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Darebee enthusiastic but new in gym

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    Darebee enthusiastic but new in gym

    I want to start in a gym and I want to focus in strength and endurance, but I have never been in a gym and the only exercise I could do at home were with homemade weights and lots of gravity exercises.
    Where should I start? Which darebee routine should I choose?
    Thanks

    #2
    Maybe start with the:
    fitness test
    in order to get an idea of your training level.
    Then the two main routes you can take are either a 30-day program or individual workouts depending on how you want to train.
    How to Pick a Program
    Training Plans
    I prefer the programs because they are already a well-structured workout without having to invent it all the time, then you can add challenges to the program but it's just my personal taste.
    And welcome

    Comment


      #3
      I'm a big gym-goer, so here's what I think.

      Darebee has lots of good routines, and I'm sure that by reading Fremen's recommendations you can choose from one that suits you. I'm sure there are many programs that cater to Strength and Endurance.

      Might I suggest that as you have access to the gym, you try weight lifting or using the machines? Split your bodyparts into different days of the week (eg Mon - Back, Tues - Chest etc...) and assign different exercises to each day.

      If that's too daunting, there are many programs like https://www.aworkoutroutine.com/the-...rkout-routine/ that select the exercises for you. I personally don't endorse Stronglifts 5 x 5, but many people employ it.

      Hope this helps!

      Comment


        #4
        If you want to start training you have to lookout for a place where you can get help and feel comfortable. Darebee is such a place.

        You already have done some home exercises enhough to explore this website or go to a gym directly. You don’t have to be fit, to become fit every body started as beginner and had some cold water fear. Consistency and some dedication is key, challenging but not something that burns you out.

        I think it is best to visit multiple gyms and ask what they offer. If you can buy a daypass (some offer try-outs for free), you can get a feel how it is like to be a member.

        Perhaps subscribe for a month and see if you like it before you go for a longer subscription.
        Some chains have the tendency to lock you in, do not give much accompaniment. Only when you opt for personal training, dieticans and such. Small gyms can be better in that regard.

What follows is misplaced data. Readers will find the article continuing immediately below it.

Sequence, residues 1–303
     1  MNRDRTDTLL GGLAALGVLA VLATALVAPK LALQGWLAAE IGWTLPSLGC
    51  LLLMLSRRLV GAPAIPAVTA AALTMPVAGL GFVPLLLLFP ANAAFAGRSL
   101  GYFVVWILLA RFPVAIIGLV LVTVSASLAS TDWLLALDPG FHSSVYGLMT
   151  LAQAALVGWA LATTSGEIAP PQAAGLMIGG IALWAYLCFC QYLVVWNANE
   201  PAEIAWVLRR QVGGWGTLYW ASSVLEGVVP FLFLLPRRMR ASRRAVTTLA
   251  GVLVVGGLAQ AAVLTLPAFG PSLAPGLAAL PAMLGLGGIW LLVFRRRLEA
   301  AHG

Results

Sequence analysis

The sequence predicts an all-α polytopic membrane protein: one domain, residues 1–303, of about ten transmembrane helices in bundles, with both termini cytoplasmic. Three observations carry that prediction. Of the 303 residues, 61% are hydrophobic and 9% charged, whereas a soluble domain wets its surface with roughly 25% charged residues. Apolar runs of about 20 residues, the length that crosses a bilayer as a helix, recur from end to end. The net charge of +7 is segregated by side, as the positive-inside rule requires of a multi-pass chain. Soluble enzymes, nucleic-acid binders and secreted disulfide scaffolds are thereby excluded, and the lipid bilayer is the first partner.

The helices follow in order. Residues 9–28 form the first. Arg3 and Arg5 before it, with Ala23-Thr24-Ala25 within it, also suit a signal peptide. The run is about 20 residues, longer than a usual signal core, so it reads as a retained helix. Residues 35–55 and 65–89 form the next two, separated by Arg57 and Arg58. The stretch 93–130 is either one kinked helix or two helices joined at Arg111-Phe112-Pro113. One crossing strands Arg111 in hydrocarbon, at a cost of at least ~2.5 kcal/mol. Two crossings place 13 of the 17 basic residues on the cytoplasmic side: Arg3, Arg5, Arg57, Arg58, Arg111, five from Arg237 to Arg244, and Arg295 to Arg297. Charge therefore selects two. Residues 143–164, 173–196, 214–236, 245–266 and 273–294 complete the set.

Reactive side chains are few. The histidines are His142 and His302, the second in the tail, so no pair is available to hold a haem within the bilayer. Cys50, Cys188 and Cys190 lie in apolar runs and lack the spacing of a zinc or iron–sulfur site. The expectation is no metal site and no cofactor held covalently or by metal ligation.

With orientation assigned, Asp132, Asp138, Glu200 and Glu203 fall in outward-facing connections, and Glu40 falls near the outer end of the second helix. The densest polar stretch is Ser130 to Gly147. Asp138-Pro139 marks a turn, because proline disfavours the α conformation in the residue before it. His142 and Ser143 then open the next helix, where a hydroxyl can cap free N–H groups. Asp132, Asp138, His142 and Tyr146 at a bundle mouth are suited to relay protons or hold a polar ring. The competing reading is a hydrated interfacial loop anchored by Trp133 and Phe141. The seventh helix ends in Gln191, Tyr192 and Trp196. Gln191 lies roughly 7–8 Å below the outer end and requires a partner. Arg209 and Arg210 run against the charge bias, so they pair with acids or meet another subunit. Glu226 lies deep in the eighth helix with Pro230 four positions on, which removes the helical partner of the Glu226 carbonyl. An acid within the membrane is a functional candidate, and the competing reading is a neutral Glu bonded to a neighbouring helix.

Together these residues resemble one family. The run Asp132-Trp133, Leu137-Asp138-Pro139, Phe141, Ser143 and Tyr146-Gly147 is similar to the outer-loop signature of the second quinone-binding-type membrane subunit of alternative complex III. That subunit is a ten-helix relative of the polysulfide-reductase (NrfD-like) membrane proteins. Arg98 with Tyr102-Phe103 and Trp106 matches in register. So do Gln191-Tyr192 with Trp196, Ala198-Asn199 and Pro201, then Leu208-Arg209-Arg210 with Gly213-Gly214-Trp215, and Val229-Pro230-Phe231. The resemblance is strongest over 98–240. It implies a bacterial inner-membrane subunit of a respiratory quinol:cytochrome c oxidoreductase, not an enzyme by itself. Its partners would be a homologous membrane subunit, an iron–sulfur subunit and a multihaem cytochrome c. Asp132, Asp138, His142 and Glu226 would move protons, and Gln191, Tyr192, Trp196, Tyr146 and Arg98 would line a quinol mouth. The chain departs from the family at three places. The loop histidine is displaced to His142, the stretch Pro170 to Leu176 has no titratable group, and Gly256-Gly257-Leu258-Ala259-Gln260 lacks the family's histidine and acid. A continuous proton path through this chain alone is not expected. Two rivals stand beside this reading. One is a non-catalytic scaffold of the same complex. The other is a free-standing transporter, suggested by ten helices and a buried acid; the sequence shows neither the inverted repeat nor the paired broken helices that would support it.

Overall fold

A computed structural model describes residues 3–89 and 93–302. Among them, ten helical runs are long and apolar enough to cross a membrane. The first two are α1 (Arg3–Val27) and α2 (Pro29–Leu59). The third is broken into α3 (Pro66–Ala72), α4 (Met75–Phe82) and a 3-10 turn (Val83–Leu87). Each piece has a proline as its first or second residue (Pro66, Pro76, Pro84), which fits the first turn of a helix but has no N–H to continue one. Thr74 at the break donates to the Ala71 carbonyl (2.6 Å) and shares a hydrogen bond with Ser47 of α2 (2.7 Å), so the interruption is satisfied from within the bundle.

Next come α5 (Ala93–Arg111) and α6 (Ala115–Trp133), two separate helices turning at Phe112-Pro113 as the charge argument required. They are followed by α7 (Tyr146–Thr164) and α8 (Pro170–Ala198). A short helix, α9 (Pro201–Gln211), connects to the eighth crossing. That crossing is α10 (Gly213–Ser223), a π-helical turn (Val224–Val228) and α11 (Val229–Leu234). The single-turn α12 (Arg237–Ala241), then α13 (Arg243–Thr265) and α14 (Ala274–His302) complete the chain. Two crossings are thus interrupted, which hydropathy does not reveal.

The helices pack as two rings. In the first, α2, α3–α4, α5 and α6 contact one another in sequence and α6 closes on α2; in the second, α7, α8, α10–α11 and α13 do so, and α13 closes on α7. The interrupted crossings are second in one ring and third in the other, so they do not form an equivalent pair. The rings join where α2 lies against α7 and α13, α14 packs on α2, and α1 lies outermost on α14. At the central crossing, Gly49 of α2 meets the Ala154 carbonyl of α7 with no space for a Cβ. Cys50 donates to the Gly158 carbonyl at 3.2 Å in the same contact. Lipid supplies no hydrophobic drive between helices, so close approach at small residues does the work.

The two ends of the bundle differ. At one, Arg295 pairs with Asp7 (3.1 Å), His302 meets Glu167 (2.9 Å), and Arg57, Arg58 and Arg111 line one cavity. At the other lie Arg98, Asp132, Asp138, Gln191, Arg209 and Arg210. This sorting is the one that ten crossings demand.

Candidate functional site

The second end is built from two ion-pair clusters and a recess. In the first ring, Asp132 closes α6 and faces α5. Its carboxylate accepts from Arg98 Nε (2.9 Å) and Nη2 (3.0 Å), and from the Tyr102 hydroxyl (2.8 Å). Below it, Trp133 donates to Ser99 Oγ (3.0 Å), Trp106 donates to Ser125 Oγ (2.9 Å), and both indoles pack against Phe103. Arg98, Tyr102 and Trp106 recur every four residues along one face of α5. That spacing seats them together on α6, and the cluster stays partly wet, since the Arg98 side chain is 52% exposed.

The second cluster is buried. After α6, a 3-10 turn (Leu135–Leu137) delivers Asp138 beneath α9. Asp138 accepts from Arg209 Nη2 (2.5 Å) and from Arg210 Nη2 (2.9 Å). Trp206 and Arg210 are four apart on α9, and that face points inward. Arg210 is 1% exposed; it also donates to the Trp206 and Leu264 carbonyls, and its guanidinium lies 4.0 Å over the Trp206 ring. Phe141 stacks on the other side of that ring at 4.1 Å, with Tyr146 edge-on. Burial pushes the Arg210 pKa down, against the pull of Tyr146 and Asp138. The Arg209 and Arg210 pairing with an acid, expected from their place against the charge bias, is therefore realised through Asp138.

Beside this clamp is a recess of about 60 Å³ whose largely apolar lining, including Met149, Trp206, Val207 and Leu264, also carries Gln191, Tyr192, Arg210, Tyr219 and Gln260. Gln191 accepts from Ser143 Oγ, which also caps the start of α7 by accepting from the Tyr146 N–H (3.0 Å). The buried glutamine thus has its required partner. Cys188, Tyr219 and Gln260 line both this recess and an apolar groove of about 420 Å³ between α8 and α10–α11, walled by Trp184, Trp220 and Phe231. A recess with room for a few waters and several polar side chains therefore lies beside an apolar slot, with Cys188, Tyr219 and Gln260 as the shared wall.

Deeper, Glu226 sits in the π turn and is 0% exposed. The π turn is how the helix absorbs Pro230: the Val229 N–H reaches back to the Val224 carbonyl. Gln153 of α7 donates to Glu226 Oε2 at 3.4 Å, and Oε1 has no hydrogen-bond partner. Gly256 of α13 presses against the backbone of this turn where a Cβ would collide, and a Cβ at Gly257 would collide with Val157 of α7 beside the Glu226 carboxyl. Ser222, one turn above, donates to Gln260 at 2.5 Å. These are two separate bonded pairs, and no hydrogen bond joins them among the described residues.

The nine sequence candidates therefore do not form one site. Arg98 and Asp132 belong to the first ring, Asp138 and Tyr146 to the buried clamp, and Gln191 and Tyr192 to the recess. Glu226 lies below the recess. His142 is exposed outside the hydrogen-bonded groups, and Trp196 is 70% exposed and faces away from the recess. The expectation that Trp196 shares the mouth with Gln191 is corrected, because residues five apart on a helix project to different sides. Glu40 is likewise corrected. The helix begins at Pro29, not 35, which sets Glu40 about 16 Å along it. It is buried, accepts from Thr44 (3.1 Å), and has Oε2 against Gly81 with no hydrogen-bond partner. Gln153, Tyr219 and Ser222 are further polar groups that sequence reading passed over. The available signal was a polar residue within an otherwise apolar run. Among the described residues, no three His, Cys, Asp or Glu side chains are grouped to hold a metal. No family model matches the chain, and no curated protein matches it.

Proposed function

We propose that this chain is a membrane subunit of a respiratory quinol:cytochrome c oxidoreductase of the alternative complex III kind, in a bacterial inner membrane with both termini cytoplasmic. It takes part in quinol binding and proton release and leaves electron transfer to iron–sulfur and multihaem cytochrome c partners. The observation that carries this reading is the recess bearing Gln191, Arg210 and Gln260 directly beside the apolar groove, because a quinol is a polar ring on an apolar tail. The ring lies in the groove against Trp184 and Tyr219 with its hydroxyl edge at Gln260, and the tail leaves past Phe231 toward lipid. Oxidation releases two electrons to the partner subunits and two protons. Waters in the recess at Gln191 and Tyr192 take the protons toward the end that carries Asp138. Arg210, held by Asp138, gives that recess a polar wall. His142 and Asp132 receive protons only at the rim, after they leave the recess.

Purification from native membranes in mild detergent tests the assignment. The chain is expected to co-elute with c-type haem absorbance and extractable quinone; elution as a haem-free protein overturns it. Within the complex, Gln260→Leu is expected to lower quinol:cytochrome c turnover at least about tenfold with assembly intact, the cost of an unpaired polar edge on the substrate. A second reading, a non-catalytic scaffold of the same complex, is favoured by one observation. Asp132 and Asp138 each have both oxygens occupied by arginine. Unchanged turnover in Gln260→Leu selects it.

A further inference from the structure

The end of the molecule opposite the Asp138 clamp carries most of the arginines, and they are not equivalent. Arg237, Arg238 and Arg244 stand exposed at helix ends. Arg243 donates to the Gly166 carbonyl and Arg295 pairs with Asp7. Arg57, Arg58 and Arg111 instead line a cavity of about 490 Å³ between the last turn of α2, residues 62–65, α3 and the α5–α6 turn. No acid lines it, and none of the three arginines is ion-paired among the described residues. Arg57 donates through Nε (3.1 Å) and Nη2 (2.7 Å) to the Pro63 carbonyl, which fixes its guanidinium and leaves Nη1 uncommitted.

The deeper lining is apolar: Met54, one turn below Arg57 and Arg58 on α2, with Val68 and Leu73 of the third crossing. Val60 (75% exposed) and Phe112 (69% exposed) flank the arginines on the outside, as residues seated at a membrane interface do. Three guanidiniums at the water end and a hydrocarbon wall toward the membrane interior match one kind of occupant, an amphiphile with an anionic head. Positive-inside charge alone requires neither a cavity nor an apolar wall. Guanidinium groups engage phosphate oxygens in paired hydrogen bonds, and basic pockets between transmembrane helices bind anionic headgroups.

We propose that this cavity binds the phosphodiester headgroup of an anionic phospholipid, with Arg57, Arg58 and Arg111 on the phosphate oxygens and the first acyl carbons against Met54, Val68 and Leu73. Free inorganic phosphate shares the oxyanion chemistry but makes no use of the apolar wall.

Costs, distance from home, opening hours (rush hours), clientele, available equipment, freedom or restrictions to train are selection criteria that come to my mind when it comes down to gym selection.

        Darebee is always open and available, no lock in.

        I have never trained in a gym. For pure strength training I believe barbell training, especially compound movements GentleOx mentioned are highly effective to reach gains. Strength can support other sports and day to day movements. Pressing more than your bodyweight is impressive but beyond functionality. I dare to say you don’t need a gym but won’t bash it either.

        For strength conditioning at home dumbbell and kettlebell training or a combination of cardio and bodyweight training is also very good. Darebee has many exercises and programs on different training modalities. Also advice on food and diet plus a helpful community that can keep you busy for your whole life.

        Two years back I have visited a few gyms and failed to find one. See my story as a motivator, not from a gym expert but a Darebee enthousiast and sports lover, good luck.



        Originally posted by GentleOx View Post
        I personally don't endorse Stronglifts 5 x 5, but many people employ it.
        Can you elaborate a bit on this. In the future I hope to do barbell training from the outside Stronglifts seems good program. Love to hear more about your experience, your way of training in the gym, and/or how to it transfers or can be combined with Darebee.

        Comment


          #5